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. Last Updated: 07/27/2016

India Balks At Signing Test Accord

GENEVA -- India threatened on Thursday to refuse to sign a nuclear test ban treaty, raising the specter the global pact would never enter into force, diplomats said.

Arundhati Ghose, India's ambassador, said the current draft contained "weak and woefully inadequate" commitments to nuclear disarmament and would give an edge to powers rich enough to refine their nuclear arms by methods like computer simulation.

She was addressing the Conference on Disarmament, a United Nations-sponsored forum which is racing to conclude a comprehensive test ban treaty by June 28.

The pact would prohibit all nuclear explosions. Major powers insist all three nuclear "threshold" states -- India, Israel and Pakistan -- ratify before the treaty becomes law.

But Ghose accused the five declared nuclear states (Britain, China, France, Russia and the United States) of working to further retain their "monopoly" through the pact.

"Today, the right to continue development and refinement of their [nuclear] arsenals is being sought to be legitimized through another flawed and eternal treaty.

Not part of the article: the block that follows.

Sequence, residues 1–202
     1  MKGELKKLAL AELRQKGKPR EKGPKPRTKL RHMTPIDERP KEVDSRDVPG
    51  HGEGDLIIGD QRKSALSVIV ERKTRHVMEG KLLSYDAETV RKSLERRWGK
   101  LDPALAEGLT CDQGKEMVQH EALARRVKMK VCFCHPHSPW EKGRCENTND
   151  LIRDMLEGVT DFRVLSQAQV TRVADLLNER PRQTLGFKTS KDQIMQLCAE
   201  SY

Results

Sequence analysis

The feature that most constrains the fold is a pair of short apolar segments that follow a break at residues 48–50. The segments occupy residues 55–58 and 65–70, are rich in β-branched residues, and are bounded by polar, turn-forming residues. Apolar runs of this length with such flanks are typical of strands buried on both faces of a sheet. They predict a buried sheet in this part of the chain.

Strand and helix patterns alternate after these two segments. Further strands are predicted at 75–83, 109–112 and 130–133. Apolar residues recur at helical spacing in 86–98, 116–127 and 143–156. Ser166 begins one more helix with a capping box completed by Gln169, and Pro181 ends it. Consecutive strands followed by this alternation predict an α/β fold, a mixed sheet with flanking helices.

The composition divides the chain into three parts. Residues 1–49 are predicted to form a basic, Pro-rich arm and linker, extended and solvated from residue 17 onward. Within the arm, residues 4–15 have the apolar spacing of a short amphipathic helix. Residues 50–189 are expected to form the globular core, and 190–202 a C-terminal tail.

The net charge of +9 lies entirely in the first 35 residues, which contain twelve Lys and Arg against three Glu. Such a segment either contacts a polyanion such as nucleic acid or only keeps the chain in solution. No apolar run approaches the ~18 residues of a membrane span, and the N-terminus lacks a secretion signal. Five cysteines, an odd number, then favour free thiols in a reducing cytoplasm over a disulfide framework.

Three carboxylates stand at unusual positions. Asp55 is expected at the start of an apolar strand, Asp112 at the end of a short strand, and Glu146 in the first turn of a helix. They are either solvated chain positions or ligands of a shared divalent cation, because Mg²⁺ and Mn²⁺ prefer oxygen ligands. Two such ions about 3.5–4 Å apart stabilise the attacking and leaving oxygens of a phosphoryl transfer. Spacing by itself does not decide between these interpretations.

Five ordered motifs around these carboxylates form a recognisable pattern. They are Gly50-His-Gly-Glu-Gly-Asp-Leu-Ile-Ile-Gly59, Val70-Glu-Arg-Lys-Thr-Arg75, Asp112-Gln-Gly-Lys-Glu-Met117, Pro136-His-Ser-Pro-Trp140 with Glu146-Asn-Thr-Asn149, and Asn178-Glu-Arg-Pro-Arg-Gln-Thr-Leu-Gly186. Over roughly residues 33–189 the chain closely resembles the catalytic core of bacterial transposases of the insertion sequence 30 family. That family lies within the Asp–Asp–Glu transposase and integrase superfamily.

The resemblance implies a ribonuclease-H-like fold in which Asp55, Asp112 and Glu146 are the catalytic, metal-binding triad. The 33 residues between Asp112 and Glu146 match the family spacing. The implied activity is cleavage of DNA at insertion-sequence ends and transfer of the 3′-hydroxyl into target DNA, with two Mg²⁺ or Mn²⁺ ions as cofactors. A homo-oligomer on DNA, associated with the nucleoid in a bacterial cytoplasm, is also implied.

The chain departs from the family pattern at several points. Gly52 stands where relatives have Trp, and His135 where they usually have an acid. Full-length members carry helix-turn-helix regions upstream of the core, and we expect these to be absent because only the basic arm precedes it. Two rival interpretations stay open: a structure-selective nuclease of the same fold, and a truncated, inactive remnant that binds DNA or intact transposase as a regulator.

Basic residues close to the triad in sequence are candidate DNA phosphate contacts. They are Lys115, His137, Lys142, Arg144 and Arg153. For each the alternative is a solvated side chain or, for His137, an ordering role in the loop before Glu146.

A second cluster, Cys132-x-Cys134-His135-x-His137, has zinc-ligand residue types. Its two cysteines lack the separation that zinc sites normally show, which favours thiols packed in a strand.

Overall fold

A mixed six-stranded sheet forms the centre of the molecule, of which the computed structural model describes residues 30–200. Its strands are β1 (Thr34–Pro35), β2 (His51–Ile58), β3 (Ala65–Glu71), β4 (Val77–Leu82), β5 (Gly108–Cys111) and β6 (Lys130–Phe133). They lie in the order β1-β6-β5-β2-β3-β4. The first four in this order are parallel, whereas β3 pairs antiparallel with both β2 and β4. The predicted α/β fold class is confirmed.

"Such a treaty is not conceived as a measure towards universal nuclear disarmament and is not in India's national security interest," she added. "India, therefore cannot subscribe to it in its present form."

In Delhi, Foreign Secretary Salman Haider made clear India would not seek to block a consensus in the negotiations. He told a news conference: "There is no walkout in the talks. We are not in the position of trying to block this or block that."

India wanted a treaty banning "all nuclear testing without leaving any loopholes that would permit nuclear weapon states to continue refining and developing their nuclear arsenals at their test sites and in their laboratories," Ghose said.

Some Western diplomats expressed alarm, saying in effect it meant the treaty could be held hostage until Delhi was fully satisfied with the complex text. Others saw it as tactical, designed to extract further concessions.

Sir Michael Weston, Britain's disarmament ambassador said of the Indian speech: "It is a perfectly fair negotiating tactic. The negotiations are not over. None of us are very satisfied. We are all making compromises."